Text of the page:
As a child I’d get sick every Christmas. Every single Christmas. Like clockwork, I’d wake up on Christmas morning and the first thing I’d do was not run to look at the presents under the tree, but run to the bathroom because my stomach was feeling queasy.
I’d try to participate in the family Christmas gatherings, but it was difficult because I was so anxious with celebrating Christmas with two different families. Don’t get me wrong, I always loved Christmas as a kid and still do now. It was not only exciting to open up gifts, it was time I got to spend with my family.
The downfall of it was that it was always two families, two Christmases, since my parents were divorced. I guess the sickness was all the stress from going back and forth between parents and the stress of them arguing about who was going to get me for which part of the holiday. Usually, it ended up that Christmas Eve I’d spend with my mom and Christmas day I’d spend with my dad.
As you can imagine it was tough. Celebrating Christmas with my then-stepmom around was painful. She’d treat her kids differently than she treated me. They’d get nicer stuff than I would, and I felt like an outsider in what should have been my family, too. I learned from a young age what it feels like to be left out.
And even though my mom loved us dearly she was a single mom so she didn’t have much money to spend on us. She worked so hard and was always sure to buy us one main gift that we really wanted, but then would wrap up smaller items that she’d found at The Dollar Store.
Regardless of the gifts, holidays have always been a top priority on my mom’s side of the family: we do the big family thing, get together, make a big dinner. Basically we get together to get fat together. Even though we all live just a couple miles away from each other, mostly in the same town, everybody is so busy with work, family, and life that we don’t get to see each other that often. So I get excited when Christmastime comes around because it means we have an excuse to all see each other. In those times, I feel loved and like I fit, like I have a place where I belong.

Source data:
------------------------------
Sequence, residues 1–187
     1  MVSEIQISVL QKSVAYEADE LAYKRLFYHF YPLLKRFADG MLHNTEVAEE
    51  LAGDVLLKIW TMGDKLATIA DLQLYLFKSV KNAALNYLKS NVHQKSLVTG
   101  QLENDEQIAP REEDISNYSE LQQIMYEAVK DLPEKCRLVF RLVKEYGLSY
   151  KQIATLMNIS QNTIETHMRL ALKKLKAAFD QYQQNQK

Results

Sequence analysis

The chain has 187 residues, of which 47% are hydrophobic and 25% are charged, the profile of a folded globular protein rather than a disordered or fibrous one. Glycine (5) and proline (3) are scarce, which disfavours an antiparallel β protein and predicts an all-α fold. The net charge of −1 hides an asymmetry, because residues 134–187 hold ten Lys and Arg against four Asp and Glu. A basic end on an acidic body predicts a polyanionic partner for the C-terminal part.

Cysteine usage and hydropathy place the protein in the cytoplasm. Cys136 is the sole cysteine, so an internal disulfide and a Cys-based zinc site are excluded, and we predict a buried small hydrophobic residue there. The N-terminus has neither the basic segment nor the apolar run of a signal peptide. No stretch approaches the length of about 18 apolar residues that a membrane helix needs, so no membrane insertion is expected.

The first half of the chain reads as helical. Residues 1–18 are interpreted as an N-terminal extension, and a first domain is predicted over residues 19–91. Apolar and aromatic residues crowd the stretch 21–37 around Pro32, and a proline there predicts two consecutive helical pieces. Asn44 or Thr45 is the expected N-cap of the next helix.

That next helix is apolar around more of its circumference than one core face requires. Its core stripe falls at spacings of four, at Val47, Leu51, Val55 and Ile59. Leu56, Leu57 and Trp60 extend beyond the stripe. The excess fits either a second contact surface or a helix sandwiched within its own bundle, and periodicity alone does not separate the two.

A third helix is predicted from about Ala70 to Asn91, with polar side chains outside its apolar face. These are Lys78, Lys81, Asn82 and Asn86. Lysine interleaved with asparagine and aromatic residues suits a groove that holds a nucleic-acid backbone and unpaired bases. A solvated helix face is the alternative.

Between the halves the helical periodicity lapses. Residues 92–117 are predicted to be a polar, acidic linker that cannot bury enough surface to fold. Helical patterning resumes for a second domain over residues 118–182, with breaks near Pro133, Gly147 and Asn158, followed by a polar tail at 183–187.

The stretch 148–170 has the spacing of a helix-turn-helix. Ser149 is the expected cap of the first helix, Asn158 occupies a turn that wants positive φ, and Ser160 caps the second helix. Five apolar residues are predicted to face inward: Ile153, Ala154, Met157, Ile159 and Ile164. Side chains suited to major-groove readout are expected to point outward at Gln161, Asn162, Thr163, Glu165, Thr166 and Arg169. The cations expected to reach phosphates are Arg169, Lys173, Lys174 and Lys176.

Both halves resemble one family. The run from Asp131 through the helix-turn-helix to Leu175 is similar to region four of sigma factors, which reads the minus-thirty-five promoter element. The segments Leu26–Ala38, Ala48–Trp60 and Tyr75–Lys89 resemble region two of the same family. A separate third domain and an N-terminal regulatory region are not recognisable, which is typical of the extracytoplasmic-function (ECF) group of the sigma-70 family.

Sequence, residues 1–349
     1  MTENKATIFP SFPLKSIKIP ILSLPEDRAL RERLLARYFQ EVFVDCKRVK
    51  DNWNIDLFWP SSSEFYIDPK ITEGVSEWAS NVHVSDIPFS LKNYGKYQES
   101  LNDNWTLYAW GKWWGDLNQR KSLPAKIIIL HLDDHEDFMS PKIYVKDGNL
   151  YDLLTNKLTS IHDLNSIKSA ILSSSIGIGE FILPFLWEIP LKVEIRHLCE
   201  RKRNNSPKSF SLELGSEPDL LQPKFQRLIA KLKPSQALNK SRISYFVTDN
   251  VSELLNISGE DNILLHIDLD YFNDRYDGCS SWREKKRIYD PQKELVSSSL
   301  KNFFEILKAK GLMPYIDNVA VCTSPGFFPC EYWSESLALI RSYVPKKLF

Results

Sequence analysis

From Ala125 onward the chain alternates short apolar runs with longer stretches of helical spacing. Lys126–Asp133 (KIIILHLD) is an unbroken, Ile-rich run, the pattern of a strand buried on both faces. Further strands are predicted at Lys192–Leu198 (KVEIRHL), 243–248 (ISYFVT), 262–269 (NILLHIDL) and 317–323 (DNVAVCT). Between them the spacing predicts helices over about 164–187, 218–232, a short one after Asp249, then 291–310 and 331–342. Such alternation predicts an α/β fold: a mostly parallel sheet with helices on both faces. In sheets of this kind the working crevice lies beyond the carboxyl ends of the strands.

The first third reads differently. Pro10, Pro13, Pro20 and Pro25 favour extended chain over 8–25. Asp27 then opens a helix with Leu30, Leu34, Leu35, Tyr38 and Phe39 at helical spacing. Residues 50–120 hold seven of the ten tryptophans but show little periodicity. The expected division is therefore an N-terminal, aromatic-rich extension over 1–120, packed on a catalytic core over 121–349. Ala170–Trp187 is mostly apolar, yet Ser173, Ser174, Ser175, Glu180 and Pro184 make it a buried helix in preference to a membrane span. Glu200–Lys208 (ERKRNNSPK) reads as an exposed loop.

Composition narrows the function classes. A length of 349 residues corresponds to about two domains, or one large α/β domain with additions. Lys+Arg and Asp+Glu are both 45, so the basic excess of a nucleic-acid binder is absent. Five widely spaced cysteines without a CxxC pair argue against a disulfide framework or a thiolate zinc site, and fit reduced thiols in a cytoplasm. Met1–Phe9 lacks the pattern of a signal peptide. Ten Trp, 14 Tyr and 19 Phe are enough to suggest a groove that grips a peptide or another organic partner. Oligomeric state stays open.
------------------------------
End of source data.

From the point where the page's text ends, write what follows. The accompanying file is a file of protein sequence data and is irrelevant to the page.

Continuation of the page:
So even though my children have the unfortunate similar situation that I had growing up with splitting time between Mom and Dad, what I hope my kids experience at Christmas is togetherness, inclusion, and love. Thinking of my own childhood, I try to make sure that I’m civil with my ex when we talk to work out the details for Christmas. I also try really hard to make sure that my boyfriend’s son feels welcome at our family gatherings, and that he doesn’t feel like I play favorites with my own kids. I don’t want him to feel left out like I did.
Family should mean togetherness–which is the opposite of feeling left out or excluded. When I was a young teen and dealing with the way holidays like Christmas seemed to bring up division rather than togetherness, I happened to see the movie Lilo & Stitch. The way that Lilo describes family touched me so much that I cried: “Ohana means family. Family means nobody gets left behind or forgotten.”
Photo credit:Jason Mrachina/Flickr